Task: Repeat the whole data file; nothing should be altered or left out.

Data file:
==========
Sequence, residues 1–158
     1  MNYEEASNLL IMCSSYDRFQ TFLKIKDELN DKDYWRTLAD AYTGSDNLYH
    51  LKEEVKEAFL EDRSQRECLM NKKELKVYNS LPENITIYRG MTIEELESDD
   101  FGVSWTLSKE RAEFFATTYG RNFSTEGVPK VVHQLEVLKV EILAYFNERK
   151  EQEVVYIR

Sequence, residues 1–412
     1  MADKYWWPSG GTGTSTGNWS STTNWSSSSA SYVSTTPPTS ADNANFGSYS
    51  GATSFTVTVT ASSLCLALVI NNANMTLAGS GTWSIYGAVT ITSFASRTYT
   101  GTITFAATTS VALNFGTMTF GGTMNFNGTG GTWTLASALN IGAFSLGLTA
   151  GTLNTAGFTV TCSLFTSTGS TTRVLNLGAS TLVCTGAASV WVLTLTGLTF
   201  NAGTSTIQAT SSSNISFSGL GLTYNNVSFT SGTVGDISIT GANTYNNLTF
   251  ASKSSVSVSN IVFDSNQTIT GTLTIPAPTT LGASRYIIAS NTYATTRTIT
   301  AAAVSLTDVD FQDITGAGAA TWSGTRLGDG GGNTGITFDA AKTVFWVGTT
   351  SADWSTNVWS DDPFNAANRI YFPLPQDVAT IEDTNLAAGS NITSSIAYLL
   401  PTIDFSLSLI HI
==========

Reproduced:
Sequence, residues 1–158
     1  MNYEEASNLL IMCSSYDRFQ TFLKIKDELN DKDYWRTLAD AYTGSDNLYH
    51  LKEEVKEAFL EDRSQRECLM NKKELKVYNS LPENITIYRG MTIEELESDD
   101  FGVSWTLSKE RAEFFATTYG RNFSTEGVPK VVHQLEVLKV EILAYFNERK
   151  EQEVVYIR

Sequence, residues 1–412
     1  MADKYWWPSG GTGTSTGNWS STTNWSSSSA SYVSTTPPTS ADNANFGSYS
    51  GATSFTVTVT ASSLCLALVI NNANMTLAGS GTWSIYGAVT ITSFASRTYT
   101  GTITFAATTS VALNFGTMTF GGTMNFNGTG GTWTLASALN IGAFSLGLTA
   151  GTLNTAGFTV TCSLFTSTGS TTRVLNLGAS TLVCTGAASV WVLTLTGLTF
   201  NAGTSTIQAT SSSNISFSGL GLTYNNVSFT SGTVGDISIT GANTYNNLTF
   251  ASKSSVSVSN IVFDSNQTIT GTLTIPAPTT LGASRYIIAS NTYATTRTIT
   301  AAAVSLTDVD FQDITGAGAA TWSGTRLGDG GGNTGITFDA AKTVFWVGTT
   351  SADWSTNVWS DDPFNAANRI YFPLPQDVAT IEDTNLAAGS NITSSIAYLL
   401  PTIDFSLSLI HI